“It will be like this for 10 days, and after that will go back to the way it was,” Mr. Ilyas said. “This is the Pakistani way.”

    15. #15
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      The problem of electricity in Pakistan is less because of the production capacity and more to do with affordability. Government is paying more than 200 billion rupees as a subsidy to cover loses of KESC and WAPDA. If they don't resort to load shedding these losses can be more than 400 billion rupees. A nation which pays a total of 1200 billion rupees to the government as total revenue... can not ask for 400 billion rupees as electricity subsidy. This is in addition to a huge amount of natural gas which is being used in the country at meagre rates to run captive and main stream power generating units. So if you take that in to account, the total subsidy to electricity sector is more than 500 billion rupees.

      The only viable solution is to
      a) Enhance the electricity tariffs... this will automatically induce conservation as far as consumers are concerned.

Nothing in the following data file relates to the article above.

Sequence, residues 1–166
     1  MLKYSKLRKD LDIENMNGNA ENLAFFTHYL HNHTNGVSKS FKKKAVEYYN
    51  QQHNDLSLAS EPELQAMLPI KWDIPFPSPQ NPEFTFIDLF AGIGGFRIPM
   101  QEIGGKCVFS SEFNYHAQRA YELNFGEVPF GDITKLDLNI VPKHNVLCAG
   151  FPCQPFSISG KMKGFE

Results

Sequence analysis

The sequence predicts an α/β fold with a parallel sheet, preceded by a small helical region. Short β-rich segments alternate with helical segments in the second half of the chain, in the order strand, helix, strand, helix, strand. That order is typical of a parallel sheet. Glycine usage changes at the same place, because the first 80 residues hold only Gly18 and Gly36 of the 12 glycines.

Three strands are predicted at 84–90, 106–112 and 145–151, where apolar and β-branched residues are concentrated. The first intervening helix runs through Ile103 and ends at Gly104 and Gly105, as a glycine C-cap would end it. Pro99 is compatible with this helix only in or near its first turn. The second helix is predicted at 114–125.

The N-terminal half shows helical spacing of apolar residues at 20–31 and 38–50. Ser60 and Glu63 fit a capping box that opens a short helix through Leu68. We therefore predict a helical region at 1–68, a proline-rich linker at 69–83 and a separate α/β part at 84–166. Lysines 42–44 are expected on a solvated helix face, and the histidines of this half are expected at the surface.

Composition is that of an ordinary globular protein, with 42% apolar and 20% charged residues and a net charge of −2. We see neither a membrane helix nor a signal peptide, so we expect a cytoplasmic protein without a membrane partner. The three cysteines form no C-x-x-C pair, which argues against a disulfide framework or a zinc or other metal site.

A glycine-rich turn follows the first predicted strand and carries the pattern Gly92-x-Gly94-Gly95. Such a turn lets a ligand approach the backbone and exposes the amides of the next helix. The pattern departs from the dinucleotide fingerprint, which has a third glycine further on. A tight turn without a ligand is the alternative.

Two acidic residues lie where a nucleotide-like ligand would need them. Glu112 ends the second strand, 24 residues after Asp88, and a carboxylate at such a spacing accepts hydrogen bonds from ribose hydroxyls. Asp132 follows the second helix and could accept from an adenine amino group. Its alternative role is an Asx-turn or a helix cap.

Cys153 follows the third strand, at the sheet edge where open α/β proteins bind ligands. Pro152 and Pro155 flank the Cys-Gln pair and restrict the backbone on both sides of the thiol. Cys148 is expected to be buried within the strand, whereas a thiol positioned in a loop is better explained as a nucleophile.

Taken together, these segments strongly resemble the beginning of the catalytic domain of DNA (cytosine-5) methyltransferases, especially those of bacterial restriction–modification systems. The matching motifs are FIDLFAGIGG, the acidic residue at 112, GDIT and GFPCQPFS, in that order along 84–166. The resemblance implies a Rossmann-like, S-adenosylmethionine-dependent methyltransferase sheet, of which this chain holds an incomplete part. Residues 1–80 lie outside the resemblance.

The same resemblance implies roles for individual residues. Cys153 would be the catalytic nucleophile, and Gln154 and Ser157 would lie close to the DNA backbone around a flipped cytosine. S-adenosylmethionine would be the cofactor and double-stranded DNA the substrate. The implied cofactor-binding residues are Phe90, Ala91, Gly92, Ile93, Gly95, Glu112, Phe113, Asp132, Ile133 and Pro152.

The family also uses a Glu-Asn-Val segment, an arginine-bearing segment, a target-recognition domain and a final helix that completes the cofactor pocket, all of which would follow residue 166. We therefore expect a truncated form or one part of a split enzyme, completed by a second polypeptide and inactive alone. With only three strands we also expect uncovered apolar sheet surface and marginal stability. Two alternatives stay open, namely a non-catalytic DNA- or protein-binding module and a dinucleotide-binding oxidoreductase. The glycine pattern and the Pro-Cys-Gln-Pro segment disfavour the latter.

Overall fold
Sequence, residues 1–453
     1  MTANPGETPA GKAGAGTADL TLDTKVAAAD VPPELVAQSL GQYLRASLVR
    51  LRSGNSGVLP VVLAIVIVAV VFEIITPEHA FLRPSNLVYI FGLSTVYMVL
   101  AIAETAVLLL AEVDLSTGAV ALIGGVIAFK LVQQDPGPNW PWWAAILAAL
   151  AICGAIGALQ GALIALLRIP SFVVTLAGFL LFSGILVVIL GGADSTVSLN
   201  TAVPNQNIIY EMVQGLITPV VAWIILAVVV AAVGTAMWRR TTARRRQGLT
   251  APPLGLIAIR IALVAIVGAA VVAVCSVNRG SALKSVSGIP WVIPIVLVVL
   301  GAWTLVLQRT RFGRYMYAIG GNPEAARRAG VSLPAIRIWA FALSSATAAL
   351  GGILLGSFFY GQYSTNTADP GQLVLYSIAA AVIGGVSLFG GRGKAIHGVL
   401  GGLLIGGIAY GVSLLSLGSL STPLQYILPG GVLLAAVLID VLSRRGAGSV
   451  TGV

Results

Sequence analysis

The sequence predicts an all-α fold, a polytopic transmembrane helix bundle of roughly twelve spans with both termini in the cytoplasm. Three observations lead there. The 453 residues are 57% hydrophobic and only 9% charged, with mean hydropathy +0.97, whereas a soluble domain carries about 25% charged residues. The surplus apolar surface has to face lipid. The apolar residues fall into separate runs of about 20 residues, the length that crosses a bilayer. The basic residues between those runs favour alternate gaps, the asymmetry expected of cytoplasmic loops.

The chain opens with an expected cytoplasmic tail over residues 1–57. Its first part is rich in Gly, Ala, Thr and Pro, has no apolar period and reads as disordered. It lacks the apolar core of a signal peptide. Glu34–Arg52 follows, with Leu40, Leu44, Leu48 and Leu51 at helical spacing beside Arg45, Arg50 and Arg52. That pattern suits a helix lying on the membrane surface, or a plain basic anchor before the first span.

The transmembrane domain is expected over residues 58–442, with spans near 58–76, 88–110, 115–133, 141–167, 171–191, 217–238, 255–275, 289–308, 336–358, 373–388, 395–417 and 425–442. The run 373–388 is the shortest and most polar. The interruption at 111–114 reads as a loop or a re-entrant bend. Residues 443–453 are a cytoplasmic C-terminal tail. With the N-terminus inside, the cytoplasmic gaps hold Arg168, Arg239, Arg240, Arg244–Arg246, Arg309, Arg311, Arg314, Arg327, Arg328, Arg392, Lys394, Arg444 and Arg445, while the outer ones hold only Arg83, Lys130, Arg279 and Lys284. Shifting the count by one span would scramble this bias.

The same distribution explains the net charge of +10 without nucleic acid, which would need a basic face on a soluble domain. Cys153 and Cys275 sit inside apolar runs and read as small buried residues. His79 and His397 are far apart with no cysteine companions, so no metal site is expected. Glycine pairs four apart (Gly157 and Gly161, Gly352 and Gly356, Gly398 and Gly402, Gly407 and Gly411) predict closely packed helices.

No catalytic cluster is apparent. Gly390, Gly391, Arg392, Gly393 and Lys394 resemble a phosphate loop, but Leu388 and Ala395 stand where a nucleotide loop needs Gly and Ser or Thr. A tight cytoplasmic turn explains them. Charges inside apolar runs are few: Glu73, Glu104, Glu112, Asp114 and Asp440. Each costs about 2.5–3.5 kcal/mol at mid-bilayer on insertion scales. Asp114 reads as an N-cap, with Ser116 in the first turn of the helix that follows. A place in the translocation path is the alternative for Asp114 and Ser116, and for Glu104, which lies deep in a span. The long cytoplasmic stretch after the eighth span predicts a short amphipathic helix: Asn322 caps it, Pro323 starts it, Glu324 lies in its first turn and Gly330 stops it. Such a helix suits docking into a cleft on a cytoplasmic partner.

b) Tackle the theft problem with an iron hand.
      c) Improve the management of the distribution sector.

      and finally

      We have to construct dams and use coal reservoirs to generate cheaper electricity. Solar, wind, thermal, and other avenues of generation are way too expensive..

    16. #16
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      give the charge to GS members of KESC/WAPDA/POLICE
      for a time, Every thing should be arlight:
      What's the difference between sky and skirt ?

    17. #17
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      Quote Originally Posted by Captain1 View Post
      Individual's can take these steps:

      1. Those who are using electricity, pay their full bills, no kunda/theft
      2. If they find someone stealing electricity then inform multiple departments like KESC/WAPDA/Police, make a video and upload on Youtube
      3. Convince people who are stealing to stop stealing electricity